In practice 25 years and founders of the “cat behaviorist” specialty, the doctor and Oxford-trained cat behaviorist show you how to prevent your cats from fighting, or how to stop cat fights once they’ve begun. A cat attack can be dangerous, whether from the cat’s bite, the cat’s scratching, or the danger of infection. The clinic has a high success rate because the latest scientific research is incorporated into the behavior plans instead of antiquated book/internet tips and tricks (i.e. we don’t recommend you feed your cats near each other as part of the integration process). We have more cats purring than anyone. Read 350 client testimonials here.
Mieshelle’s Scholarly-cited Cat Behavior Book is Text Book Curriculum to Certify Other Cat Behaviorists and Help Them Understand the Different Forms of Cat Aggression.
Important Zoom Appointment Update: we are currently scheduling the doctor and cat behaviorist through August 31st. Through August 1st, receive the study participation reduced fee for urination or defecation appointments. Scheduled cat owners can also become part of Mieshelle’s Discovery Channel’s cat behavior show (the most-watched cat behavior show in the world with over 125 million viewers).
In Your Aggressive Cat Behavior Consultations You’ll Learn Strategies Rooted in Cat Psychology:
- how to create an environment that decreases or eliminates territorial thinking that leads to hostility between cats (this is a big one that most behaviorists leave out). Do your cats have a social hierarchy established or are they like roommates living in captivity together?
- The importance of gene-encoded behavior and the cat instinctual brain when integrating cats
- Why cats that were once best of friends, are now fighting with each other and higher-level behavior strategies to re-integrate them
- learn the Nagelschneider Method from scienced-based research on natural affiliative cat behavior in domestic cats. This social method based on wild felid behavior is proven to improve any cat to cat aggression issue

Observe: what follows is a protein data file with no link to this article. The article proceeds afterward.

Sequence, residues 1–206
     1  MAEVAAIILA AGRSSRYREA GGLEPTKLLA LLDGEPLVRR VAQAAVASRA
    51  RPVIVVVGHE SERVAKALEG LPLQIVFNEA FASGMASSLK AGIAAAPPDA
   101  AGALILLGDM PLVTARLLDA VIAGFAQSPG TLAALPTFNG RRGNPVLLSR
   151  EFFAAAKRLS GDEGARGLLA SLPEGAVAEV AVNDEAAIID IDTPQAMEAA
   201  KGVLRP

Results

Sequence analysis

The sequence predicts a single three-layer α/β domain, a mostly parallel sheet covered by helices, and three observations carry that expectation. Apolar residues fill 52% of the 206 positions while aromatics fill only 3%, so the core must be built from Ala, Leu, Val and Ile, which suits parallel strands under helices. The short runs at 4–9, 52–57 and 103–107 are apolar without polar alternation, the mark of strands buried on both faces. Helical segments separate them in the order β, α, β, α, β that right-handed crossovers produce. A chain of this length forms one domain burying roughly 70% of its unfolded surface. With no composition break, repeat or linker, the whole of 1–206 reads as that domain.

- how to prevent cats from fighting through informed selection, socialization, and training of new kittens
- why punishment and reprimands don’t work, could make aggression worse or cause new behavior issues, and will ruin the bond between yourself and your cat
- how to apply non-aversive and positive behavior modification methods to eliminate or manage aggressive behaviors
- how to rule out possible medical causes — and cure the behavioral issue even after the medical cause has been treated
- how to identify which form of aggression your cat is exhibiting: play, predatory, maternal, or petting-induced; or territorial, sexual, or pain-induced; or the little-understood but most common redirected aggression
- how to stop unwittingly rewarding or even causing aggressive behavior
- learn why treating the symptom (aggression) of the bigger problem (intercat social issues, inappropriate and natural predatory aggression, or fear-based aggression) will get you nowhere.
“I just wanted to let you know that there has been a complete turn around with my cats behavior. They are now the best of friends, Saki used to brutally attack Rosey before, and now they sleep together on the same chair, play together, I have even caught them eating out of the same food bowl. Thanks for your help!”